February 27 2015 Latest news:
Sunday, October 27, 2013
The region was today bracing itself for the expected overnight storm, which some experts warn could be as bad as the great storm of 1987.
Forecasters at Norwich-based Weatherquest have been tracking the storm which formed in the Azores and is now heading for Britain.
Meteorologist Dan Holley said the wind was likely to be the main issue for this region – and it was set to hit us at the worst possible time, during tomorrow’s rush hour.
He said: “The heaviest rain is expected to arrive about 10pm tonight and continue until about 4am tomorrow. It will be heavy and parts could get up to half an inch of rain.”
That is expected to be a prelude to the major problem – the wind.
“That will start to really build from about 3am. It will build up to wind about 50mph with gusts of 55mph to 60mph. The strongest winds are likely to be here between about 6am and 9am – with gusts of up to 65-70mph in coastal areas.”
Mr Holley said the overnight rain and the fact that many trees still has leaves on them meant there could be some substantial damage caused.
Forecasters are closely watching their weather maps to see how an area of low pressure is picked up by the jet stream as it moves across the Atlantic Ocean over the weekend.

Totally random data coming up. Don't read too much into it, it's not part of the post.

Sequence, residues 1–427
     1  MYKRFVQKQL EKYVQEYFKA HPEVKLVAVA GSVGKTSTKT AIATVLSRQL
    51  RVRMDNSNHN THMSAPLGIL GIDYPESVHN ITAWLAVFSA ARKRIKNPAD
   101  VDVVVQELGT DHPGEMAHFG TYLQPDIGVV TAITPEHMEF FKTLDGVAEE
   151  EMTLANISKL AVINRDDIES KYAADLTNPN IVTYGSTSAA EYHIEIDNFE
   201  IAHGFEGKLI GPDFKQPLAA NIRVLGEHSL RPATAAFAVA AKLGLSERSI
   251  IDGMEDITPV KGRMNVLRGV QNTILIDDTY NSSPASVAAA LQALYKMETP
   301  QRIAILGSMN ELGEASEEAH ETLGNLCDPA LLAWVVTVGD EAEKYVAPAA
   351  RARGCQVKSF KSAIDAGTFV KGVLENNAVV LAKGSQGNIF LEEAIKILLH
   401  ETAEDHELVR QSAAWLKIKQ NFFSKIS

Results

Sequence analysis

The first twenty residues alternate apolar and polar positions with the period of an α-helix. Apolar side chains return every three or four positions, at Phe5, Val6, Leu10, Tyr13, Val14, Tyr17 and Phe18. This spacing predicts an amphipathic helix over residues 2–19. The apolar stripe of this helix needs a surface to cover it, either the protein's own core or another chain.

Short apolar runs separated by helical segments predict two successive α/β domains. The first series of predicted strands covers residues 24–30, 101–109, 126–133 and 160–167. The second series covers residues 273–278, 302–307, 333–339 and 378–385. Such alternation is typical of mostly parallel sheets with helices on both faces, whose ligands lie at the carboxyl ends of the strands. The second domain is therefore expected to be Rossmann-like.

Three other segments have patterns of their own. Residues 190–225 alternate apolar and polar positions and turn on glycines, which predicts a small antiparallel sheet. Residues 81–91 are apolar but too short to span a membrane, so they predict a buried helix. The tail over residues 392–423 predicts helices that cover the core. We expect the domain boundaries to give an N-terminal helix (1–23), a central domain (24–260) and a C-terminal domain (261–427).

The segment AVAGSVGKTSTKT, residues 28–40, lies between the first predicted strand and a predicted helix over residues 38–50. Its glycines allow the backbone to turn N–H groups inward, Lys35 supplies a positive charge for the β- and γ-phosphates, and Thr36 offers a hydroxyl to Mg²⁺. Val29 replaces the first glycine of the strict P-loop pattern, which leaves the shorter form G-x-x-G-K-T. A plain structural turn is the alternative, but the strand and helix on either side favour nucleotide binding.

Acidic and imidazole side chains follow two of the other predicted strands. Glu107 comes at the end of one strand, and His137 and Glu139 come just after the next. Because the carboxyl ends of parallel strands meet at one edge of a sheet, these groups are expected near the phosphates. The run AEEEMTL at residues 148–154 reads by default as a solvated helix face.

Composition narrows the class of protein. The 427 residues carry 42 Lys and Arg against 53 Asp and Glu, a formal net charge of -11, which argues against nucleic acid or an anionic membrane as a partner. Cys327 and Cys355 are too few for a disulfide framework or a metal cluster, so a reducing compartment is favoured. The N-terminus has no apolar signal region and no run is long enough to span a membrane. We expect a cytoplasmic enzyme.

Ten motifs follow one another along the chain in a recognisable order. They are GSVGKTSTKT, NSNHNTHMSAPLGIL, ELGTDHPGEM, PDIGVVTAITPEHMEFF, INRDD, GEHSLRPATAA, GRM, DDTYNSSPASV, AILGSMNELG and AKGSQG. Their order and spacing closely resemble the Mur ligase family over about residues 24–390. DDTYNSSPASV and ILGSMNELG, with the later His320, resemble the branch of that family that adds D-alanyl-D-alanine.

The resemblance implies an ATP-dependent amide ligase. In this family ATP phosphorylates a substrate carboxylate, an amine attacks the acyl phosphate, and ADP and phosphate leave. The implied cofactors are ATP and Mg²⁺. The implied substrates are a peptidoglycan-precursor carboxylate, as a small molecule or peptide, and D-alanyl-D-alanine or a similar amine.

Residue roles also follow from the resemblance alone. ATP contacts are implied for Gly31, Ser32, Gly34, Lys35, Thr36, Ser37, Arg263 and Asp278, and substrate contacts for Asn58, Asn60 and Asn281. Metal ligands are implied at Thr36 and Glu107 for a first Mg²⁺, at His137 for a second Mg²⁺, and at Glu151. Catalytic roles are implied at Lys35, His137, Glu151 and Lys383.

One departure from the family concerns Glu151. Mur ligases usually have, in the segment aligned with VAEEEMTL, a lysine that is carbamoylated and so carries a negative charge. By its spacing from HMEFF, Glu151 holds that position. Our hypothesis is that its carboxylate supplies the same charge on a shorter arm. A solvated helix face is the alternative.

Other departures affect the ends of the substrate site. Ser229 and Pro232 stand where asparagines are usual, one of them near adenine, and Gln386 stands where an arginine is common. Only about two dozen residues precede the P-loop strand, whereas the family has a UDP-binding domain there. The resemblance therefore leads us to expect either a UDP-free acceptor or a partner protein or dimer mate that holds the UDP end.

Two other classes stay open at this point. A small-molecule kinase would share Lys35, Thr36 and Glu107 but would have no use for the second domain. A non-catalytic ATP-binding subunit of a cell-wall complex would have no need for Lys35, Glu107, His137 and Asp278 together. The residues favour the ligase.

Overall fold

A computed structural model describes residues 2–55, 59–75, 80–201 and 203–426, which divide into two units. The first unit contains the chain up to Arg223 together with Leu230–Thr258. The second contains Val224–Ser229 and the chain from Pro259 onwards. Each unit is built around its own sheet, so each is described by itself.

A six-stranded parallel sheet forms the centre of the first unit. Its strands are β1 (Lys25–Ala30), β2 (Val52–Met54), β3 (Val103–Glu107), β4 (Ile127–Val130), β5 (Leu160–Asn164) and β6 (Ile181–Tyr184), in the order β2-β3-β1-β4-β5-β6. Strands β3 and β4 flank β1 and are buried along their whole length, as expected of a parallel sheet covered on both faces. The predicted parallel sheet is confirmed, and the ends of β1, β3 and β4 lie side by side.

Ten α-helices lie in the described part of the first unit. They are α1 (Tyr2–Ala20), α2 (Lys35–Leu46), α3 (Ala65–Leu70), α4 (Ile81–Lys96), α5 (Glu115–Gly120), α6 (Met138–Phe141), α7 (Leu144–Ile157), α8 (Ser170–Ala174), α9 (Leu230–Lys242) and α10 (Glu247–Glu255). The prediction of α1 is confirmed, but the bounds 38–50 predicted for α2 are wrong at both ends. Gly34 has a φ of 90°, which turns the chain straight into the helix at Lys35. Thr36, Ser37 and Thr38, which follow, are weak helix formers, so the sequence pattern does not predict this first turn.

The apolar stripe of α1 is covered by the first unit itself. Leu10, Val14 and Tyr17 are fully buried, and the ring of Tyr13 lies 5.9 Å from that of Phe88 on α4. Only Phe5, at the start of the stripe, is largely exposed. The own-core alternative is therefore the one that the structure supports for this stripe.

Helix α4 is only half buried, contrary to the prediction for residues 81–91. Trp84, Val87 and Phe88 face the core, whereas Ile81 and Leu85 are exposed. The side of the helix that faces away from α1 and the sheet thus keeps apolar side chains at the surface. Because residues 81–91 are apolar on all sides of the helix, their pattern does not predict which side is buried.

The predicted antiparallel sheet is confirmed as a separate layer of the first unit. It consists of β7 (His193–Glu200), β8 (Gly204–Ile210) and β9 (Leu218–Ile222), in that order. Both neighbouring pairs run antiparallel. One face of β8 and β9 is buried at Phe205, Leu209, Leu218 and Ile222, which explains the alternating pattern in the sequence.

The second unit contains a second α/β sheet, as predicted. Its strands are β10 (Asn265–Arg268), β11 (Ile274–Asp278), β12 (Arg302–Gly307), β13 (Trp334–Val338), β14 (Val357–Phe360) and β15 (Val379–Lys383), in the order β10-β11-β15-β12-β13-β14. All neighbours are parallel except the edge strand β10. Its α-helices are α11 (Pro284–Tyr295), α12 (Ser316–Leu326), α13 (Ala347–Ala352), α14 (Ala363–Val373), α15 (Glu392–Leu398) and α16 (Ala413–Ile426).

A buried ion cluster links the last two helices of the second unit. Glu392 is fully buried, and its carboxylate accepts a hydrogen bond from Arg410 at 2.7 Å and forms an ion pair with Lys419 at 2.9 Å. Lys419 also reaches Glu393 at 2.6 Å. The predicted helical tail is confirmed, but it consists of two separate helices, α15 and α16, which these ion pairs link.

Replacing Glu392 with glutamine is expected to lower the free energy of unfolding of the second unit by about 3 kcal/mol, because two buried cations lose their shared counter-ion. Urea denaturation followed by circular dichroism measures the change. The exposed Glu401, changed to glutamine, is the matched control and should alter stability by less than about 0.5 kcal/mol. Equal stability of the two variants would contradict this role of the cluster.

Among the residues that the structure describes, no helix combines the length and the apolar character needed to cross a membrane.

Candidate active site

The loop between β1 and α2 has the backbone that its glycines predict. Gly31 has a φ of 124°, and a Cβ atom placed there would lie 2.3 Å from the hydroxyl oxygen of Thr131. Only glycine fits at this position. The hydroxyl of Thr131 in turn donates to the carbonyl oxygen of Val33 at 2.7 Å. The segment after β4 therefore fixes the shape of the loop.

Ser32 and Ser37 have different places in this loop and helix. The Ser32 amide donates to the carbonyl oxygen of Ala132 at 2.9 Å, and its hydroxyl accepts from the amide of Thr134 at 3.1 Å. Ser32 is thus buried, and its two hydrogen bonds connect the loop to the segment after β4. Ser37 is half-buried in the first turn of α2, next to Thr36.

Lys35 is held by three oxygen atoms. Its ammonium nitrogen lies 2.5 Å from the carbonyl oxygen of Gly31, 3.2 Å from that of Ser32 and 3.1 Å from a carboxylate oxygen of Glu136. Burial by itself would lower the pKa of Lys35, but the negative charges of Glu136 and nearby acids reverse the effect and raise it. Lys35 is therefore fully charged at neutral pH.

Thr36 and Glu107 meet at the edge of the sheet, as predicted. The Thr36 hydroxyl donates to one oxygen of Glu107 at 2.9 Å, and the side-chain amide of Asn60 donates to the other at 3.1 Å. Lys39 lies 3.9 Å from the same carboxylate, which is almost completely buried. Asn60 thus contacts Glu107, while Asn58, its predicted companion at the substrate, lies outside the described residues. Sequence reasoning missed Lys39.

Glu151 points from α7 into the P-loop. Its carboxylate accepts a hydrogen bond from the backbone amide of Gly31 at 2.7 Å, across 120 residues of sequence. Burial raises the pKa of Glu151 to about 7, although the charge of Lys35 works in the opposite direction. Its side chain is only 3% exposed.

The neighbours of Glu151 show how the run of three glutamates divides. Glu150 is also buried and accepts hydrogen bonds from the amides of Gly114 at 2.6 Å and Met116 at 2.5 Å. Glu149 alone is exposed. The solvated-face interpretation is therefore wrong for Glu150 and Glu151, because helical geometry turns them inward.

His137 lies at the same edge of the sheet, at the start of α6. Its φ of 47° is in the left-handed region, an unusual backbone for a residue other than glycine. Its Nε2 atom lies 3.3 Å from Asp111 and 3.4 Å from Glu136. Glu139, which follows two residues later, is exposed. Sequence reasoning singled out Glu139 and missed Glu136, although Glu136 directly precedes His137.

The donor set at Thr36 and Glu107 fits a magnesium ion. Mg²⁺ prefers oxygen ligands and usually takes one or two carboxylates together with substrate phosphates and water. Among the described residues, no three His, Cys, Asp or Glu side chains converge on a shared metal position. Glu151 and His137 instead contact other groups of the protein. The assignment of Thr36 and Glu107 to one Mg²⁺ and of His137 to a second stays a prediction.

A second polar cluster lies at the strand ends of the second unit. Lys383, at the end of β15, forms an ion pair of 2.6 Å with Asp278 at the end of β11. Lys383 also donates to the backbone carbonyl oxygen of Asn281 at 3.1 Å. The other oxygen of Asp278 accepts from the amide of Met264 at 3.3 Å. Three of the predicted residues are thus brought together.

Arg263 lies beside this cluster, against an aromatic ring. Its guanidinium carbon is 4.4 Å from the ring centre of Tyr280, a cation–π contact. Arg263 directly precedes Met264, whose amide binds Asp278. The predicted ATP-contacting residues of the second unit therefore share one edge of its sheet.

The Met Office has issued an amber warning for Monday, meaning “be prepared”, for people living in the East of England, East Midlands, London, South East England, South West England, Wales, and the West Midlands.
The storm has been named St Jude after the patron saint of lost causes, whose feast day is tomorrow.
Darron Burness, head of the AA’s flood rescue team, said: “If the predicted storm strikes, the timing couldn’t really be worse, potentially causing significant travel disruption on Monday morning, which is one of the busiest times on the roads.
“Strong wind and torrential rain is an unpredictable and hazardous combination, which can be quite overwhelming when you’re driving. There’s likely to be tree and other debris on the roads as well potential flooding, so it’s very important to keep your speed down and drive with great care, particularly on country roads early on Monday morning when it’s still dark.”